Beijing’s business district was nearly empty during rush hour on November 22, 2022, after local authorities told people to work from home, among several measures aimed at controlling the recent Covid outbreak.
Kevin Fryer | Getty Images News | Getty Images
Macquarie’s chief China economist, Larry Hu, said surging Covid infections across mainland China was making it difficult for the government to achieve zero Covid without returning to a harsh lockdown.
In the past few days, the number of daily cases has risen to around 28,000 or more — close to levels seen in April during a strict lockdown in Shanghai, according to CNBC’s calculations of wind information data. The figures showed that the last time mainland China saw a handful of daily infections was in June, shortly after Shanghai eased its restrictions.
The latest Covid wave has hit the southern city of Guangzhou, the capital Beijing and many central parts of China – prompting local officials to tighten restrictions on business and social activities this month.
“China may have already passed the point of no return, because it is unlikely to achieve zero Covid again without another strict Shanghai-style lockdown,” Hu said in a report on Tuesday. “What policymakers can do now is slow the spread of the virus, for example.” Flattening the curve, by tightening Covid controls right now.”
He pointed out slight changes this month in government policy and propaganda as signs authorities are preparing to reopen in the next six to nine months. But he noted that “the road to reopening will involve a lot of back and forth.”
Markets have speculated for weeks about the timing of China’s exit from its strict “zero Covid” policy. The controls affected the economy, which barely boosted growth while Shanghai was in lockdown and posted growth of just 3% over the first three quarters of the year.
In terms of gross domestic product, nearly 20% of China’s economy was negatively affected by Covid controls as of Monday, close to the 21.2% high recorded in mid-April during Shanghai’s lockdown, said Nomura’s chief China economist, Ting Lu, citing a report. Company model.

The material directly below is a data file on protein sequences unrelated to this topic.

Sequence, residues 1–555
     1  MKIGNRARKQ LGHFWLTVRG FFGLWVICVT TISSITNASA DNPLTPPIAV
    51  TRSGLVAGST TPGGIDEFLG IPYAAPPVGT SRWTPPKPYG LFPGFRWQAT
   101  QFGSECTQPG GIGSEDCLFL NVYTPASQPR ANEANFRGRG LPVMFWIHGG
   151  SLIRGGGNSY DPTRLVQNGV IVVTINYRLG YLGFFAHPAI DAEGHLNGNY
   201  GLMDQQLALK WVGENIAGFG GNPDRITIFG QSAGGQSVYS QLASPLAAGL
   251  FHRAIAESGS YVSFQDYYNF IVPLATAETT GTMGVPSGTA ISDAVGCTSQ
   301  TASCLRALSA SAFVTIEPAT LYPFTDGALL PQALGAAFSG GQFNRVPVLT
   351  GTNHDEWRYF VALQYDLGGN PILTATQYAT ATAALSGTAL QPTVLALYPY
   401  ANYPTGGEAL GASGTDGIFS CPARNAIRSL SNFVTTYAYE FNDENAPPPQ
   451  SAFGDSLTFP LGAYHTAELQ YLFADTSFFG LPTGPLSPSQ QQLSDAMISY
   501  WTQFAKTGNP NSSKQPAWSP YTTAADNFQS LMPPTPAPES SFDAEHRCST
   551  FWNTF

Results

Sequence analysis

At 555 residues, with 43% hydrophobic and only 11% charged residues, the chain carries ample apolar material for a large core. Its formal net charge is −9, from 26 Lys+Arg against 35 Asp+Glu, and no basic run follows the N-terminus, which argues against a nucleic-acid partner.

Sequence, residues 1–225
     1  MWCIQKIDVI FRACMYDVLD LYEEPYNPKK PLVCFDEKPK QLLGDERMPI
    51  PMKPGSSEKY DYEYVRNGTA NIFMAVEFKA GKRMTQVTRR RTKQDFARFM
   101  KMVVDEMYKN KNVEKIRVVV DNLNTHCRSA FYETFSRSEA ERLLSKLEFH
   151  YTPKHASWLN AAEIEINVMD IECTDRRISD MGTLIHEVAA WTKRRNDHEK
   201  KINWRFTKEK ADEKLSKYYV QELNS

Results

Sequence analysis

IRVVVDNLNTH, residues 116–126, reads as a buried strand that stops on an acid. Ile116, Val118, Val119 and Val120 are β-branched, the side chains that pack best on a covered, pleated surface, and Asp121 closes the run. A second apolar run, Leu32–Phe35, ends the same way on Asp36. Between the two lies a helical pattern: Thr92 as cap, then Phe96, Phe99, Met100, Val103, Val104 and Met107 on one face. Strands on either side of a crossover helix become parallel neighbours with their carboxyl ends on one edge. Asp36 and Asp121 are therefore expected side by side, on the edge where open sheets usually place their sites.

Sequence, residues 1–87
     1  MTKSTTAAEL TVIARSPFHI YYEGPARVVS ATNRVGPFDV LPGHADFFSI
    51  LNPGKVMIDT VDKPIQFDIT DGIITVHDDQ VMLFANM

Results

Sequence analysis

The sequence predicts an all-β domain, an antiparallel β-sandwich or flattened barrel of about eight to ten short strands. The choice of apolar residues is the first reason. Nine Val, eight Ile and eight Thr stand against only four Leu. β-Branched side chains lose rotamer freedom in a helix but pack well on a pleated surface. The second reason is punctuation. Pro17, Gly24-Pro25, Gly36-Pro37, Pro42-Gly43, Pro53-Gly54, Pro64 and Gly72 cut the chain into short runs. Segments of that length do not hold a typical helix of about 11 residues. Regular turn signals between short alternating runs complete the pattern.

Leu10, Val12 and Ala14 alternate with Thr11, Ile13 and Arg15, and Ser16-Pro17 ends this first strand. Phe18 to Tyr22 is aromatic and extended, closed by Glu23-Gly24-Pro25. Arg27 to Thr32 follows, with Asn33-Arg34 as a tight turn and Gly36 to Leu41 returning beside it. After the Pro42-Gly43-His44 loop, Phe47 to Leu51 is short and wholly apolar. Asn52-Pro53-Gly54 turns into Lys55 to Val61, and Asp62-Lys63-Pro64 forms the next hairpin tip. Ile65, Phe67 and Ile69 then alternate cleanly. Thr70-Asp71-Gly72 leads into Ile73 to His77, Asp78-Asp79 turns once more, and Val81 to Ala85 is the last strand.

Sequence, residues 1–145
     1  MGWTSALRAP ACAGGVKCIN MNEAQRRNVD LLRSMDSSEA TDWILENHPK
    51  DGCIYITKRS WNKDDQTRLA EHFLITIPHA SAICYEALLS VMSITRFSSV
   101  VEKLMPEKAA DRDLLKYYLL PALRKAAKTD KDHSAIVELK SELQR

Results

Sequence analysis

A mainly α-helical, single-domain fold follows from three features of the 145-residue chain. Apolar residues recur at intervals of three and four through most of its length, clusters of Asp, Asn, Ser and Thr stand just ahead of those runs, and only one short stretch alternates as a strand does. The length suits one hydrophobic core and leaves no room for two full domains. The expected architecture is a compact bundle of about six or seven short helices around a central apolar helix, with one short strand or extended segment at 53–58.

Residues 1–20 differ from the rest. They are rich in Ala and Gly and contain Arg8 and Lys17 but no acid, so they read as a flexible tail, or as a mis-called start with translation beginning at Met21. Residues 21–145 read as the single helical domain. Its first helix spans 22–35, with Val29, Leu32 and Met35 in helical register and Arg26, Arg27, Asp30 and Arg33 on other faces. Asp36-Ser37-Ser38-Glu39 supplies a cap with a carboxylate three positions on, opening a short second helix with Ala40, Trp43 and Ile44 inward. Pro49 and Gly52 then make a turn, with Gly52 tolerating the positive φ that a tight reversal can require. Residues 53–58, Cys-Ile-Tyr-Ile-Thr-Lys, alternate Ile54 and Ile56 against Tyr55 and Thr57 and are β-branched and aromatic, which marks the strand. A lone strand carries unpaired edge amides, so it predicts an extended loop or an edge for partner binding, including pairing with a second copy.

“Beijing has recently shown early signs that it is ready to reopen, and has implemented some fine-tuning measures, but reopening may be a drawn-out process with unease,” Lu said in a separate report this week.
He said Vietnam’s lifting of COVID-19 restrictions since last fall may shed light on the way forward for China. He noted that the Southeast Asian country did not see “any immediate increase in the number of infections after the pivot” while its GDP rebounded.
Local authorities in China faced the difficult task of trying to make Covid measures more targeted, while controlling infections.
As of Monday, some 412 million people have been affected by the lockdown measures in mainland China, according to Nomura’s estimates. This is higher than the 340 million in the previous week, the report said.
Nomura analysts noted that many shutdowns or controls are implemented without public announcement. “we believe [the southwestern municipality of] Chongqing is currently experiencing the most severe localized lockdown in China, based on our observation of several measures of mobility,” the report said.
Covid controls have been tightened in Beijing alone since Tuesday.
Authorities announced requirements for more frequent virus testing, and ordered more restaurants to suspend in-store dining. More malls are closed, as are large parks. Many apartment complexes have closed.
State media reported on Tuesday that the city’s technology-focused Cheungwankun Forum which was due to kick off this week will be pushed back to next year. The conference had already been postponed from September.
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